Galloping Goose and Lochside regional trails may be widened, separating cyclists and pedestrians

Galloping Goose and Lochside regional trails may be widened, separating cyclists and pedestrians
Watch The Galloping Goose and the Lochside Regional Trails can get a little crowded, but maybe not for much longer. The CRD is looking at widening those trails to make them safer for everyone. Jasmine Bala has more.

The Capital Regional District is considering lighting, widening, and separating cyclists and pedestrians on parts of the Galloping Goose and Lochside regional trails.

“The Goose and the Lochside are the spine of our regional bike lane network,” said Corey Burger, policy and infrastructure chair for the Greater Victoria Cycling Coalition.

Burger rides his bike everywhere and uses it as his primary mode of transportation. He frequents the trails, whether it’s for commuting purposes or for recreation, and so do many others.

The Galloping Goose and Lochside have become popular spots to go for a bike, walk or run, and get millions of visits a year. But that’s led to a problem.

“[There’s] just lots of people and not enough trail,” Burger said. “It’s been that way for a while.”

A staff report shared at the CRD’s Regional Park Committee on Wednesday addressed that issue. In a project that would cost up to $17.8 million, CRD staff recommend widening a 6.6 km section of the two trails, from Selkirk Trestle to Grange Road and the Switch Bridge and McKenzie Avenue.

The recommended design is a pathway separating cyclists and pedestrians with a painted line. The bicycle path would be 4 metres wide, with an adjacent pedestrian path of 2.5 metres. Both separated pathways would be dual-direction.

Design of proposed pathway for regional trails

(Courtesy: Capital Regional District)

“We do want to leverage what is quite a strong active transportation culture in the region and make sure we couple that with the amenities that will encourage more people to leave their cars at home,” said Rebecca Mersereau, chair of the Regional Parks Committee.

“Investing in that trail and ensuring it can offer a level of service for more users in the future is a really important part of the CRD’s commitment to climate change action,” she said.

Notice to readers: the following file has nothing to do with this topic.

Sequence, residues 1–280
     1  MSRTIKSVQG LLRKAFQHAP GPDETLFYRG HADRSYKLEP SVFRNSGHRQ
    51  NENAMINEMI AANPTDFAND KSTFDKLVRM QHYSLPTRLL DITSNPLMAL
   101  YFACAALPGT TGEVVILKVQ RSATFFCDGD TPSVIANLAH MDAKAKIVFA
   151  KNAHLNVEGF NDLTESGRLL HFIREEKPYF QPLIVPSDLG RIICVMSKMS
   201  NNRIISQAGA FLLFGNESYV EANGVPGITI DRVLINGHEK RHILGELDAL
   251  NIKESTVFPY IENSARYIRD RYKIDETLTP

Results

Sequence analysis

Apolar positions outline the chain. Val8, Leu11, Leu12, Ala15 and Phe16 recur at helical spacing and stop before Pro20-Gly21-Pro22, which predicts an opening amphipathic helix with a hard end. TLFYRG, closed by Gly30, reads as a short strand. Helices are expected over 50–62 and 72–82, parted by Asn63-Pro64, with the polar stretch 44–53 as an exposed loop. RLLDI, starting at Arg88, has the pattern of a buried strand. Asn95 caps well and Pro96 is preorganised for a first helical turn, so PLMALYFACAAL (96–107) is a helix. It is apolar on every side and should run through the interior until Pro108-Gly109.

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The new design also calls for more light, which has been one of the biggest challenges for users of the trails — especially in evenings and on dark, winter days.

“It can be a little nerve wracking,” said Burger. “You’re riding along and you sort of think, ‘Is there something behind me?’ And there’s no way to tell, because you look into your mirror, you shoulder check, and you just can’t see.”

Staff recommending installing LED lights along the whole stretch, except the part of Lochside trail that is adjacent to the Swan Lake Nature Sanctuary. They suggest adding reflective markings there instead.

Recommended lighting for regional trails

(Courtesy: Capital Regional District)

Burger said he hopes all parts of the path will be lit, including next to the sanctuary.

“It’s one of the darker sections of the trail,” he explained. “There’s no natural light that gets in there.”

Lighting the trails is something that should have been done a while ago, Burger added.

“The trails are transportation corridors,” Burger explained. “If you go on any road in the region, it’s pretty much going to be lit and it’s a little frustrating to see that it’s taken this long to light the trails.”

The lighting and widening would be done in phases if approved, starting with the section of the Galloping Goose that has the highest number of users and narrowest trail, between Selkirk Trestle and Culduthel Road.

The Regional Parks Committee supported the trail widening options suggested by staff, with some amendments. The committee asked staff to return to the CRD board with information on whether the project could be expedited and noted the lights should be in the dark sky style, so they direct light into the ground and not up into the sky.

“There’s still a lot of work to do before those shovels are in the ground,” said Mersereau.

The CRD board will discuss the project in February.

READ MORE: No speed limits on regional trails in Victoria as electric bikes get faster

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Jasmine BalaJasmine Bala

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